By Hilary Mare
A significant increase was recorded in the number of counterfeit banknotes detected in 2017 compared to 2016, the Bank of Namibia’s latest financial report reveals.
The total number of counterfeit Namibia Dollar banknotes detected in 2017 increased to 440 pieces, compared to 277 pieces recorded in 2016.
In the report, the bank reports that the N$200 banknote remains the most targeted denomination by the counterfeiters, accounting for 58.8 percent of total counterfeits detected in 2017.
Detected were two (N$10 notes), 24 (N$20 notes), 29 (N$50 notes), 81 (N$100 notes) and 259 (N$200 notes).
The total value of counterfeit notes detected was N$64100.
Subsequently however, as at 31 December 2017, the ratio of counterfeits per million in respect of all Namibia Dollar banknote denominations stood at nine pieces, which was well below the international benchmark of 70 banknotes per million.
“It is noteworthy that the nine pieces were also below the Bank’s own threshold of ten pieces per million banknotes. Although an increase was noted in the number of counterfeits detected, the Bank is not concerned given the poor quality of the said counterfeits.
“The Bank also continued to provide counterfeit training to various stakeholders in the cash industry. A total of 400 participants from the various law enforcement and retail sectors received counterfeit detection training during the period under review,” the bank explained.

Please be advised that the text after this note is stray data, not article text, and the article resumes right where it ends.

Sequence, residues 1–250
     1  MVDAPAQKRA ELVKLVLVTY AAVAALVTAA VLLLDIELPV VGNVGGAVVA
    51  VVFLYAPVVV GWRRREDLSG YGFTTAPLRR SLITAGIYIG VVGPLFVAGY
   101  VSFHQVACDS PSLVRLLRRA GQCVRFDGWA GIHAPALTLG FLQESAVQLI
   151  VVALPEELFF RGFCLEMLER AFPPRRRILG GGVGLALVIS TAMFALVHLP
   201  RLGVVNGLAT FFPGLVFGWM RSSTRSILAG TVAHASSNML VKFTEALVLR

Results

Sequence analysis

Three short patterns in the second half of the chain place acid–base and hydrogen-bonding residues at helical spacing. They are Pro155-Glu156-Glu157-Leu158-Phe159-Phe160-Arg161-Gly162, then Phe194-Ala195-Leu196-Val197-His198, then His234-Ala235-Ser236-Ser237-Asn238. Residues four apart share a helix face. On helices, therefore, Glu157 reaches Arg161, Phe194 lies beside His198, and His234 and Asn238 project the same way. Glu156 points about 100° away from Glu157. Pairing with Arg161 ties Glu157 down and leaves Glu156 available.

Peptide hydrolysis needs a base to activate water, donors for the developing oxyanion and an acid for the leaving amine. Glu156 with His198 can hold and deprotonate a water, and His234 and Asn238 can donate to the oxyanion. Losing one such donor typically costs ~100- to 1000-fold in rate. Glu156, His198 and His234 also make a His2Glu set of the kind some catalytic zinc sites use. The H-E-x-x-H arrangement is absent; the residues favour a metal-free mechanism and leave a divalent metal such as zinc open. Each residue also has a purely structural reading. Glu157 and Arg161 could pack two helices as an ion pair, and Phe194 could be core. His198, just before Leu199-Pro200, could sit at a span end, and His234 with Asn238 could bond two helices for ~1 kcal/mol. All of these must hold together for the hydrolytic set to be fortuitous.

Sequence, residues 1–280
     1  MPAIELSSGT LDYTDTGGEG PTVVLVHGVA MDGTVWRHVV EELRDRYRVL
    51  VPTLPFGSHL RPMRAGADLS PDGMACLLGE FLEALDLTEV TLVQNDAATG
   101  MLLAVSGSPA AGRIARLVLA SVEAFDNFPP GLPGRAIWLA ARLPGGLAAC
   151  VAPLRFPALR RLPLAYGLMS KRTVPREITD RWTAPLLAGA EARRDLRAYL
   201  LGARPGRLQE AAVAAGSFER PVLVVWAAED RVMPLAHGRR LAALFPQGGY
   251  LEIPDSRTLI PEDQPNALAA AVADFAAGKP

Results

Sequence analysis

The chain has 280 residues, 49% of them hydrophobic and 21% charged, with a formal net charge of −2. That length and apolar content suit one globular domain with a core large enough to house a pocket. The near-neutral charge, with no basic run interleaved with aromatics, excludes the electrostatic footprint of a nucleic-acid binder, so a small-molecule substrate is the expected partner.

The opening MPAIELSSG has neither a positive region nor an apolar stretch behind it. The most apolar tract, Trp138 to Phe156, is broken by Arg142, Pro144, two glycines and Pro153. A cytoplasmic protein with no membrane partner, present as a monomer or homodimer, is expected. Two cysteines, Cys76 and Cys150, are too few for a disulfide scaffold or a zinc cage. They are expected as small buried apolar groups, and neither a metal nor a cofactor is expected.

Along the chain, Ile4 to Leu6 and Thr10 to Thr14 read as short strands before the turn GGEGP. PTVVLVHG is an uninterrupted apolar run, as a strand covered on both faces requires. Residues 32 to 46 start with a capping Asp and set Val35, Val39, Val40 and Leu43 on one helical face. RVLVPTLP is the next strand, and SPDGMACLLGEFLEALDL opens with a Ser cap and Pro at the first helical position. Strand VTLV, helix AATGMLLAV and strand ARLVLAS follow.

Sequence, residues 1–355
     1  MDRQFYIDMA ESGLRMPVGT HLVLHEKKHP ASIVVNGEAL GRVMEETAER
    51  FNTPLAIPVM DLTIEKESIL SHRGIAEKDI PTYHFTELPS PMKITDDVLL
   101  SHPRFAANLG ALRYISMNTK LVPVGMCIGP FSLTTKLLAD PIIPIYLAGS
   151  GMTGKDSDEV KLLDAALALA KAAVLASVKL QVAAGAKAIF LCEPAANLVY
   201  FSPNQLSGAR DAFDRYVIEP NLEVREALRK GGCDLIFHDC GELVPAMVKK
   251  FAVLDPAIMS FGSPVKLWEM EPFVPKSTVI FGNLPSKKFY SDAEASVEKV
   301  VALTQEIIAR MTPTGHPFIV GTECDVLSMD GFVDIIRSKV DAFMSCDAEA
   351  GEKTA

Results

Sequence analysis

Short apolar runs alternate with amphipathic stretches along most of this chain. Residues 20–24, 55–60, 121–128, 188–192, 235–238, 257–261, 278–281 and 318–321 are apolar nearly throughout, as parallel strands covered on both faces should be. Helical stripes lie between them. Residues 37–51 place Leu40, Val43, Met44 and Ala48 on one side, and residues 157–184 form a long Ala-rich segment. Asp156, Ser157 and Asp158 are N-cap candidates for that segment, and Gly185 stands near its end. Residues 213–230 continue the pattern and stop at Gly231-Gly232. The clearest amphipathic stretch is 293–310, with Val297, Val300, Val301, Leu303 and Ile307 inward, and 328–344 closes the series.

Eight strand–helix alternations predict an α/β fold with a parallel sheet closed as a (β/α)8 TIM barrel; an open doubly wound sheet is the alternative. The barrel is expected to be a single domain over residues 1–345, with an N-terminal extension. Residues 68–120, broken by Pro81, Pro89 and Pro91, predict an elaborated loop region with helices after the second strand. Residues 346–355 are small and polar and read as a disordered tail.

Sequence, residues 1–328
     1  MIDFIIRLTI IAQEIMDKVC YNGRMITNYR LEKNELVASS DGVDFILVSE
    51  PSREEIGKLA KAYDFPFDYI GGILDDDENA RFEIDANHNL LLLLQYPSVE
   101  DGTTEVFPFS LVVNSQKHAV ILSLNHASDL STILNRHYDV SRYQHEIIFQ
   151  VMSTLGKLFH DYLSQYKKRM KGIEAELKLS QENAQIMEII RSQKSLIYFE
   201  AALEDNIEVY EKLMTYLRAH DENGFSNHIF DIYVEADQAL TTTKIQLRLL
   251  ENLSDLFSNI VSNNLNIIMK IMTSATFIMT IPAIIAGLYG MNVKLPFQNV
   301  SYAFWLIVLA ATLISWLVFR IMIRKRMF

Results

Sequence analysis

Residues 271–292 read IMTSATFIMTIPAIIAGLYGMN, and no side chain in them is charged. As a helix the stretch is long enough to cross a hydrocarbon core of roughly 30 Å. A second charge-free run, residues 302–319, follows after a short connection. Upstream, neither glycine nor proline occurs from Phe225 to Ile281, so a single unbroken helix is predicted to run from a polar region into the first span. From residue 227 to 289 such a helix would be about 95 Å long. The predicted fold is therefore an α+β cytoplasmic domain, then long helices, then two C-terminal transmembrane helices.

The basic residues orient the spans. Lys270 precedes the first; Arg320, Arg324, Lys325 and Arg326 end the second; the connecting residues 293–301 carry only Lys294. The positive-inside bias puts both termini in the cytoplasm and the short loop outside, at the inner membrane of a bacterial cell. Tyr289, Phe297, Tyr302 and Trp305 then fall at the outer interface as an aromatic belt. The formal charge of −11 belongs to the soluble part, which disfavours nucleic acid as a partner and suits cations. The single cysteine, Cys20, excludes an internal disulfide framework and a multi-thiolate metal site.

On the other hand, the Bank observed a slight increase with regards to growth in the volume of total currency in circulation in 2017. The total volume of banknotes in circulation increased by 2.4 percent in 2017, or 50.5 million pieces, compared to the decrease of 1.9 percent (49.3 million pieces) recorded in 2016.
By the end of 2017, the volume of coins in circulation had increased by 6.1 percent compared to the 4.4 percent increase recorded for 2016. Negative growth of 11.3 percent was registered for the N$10 coin in 2017, compared to a growth of 5.9 percent recorded in 2016.
As at 31 December 2017, the total value of currency in circulation stood at N$4.7 billion, compared to N$4.4 billion for the preceding period. Thus, a positive annual growth rate of 6.0 percent was recorded in 2017, compared to the decrease of 2.6 percent noted in 2016.
“The increased growth in banknotes in 2017 in total was mainly a result of the increased issuance noted for the N$50 and N$200 denominations, namely 6.5 percent higher for the N$50 notes, and a significant rise of 11.5 percent for the N$200 notes. A slight reduction of 3.3 percent was noted on the issuance of the N$100 note. The N$100 and N$200 denominations remained the most widely circulated banknotes in 2017. In terms of coinage, the 5-cent piece remained the most popular among the coin series, recording a 10.0 percent increase in the value of coins in circulation in 2017, slightly higher than the 9.7 percent increase recorded for 2016,” the bank explained in the report.
The report also states that new banknotes to the value of N$2.4 billion were issued, compared to the N$2.6 billion issued in 2016. The 7.7 percent decrease in the issuance of new banknotes is attributed to the procurement of the new BPS M7 banknote sorting machines in 2016 and 2017 for the Oshakati Branch and Head Office.
“This sorting equipment resulted in improved efficiency and hence increased volumes of reissuable banknotes.
“As the central Bank is required to ensure that only banknotes of good quality are in circulation, the Bank checked the authenticity and fitness of banknotes for recirculation, which subsequently resulted in the withdrawal of 35.9 million banknote pieces with a face value of N$1.9 billion in 2017, compared to 52.7 million pieces with a face value of N$3.1 billion in 2016.”
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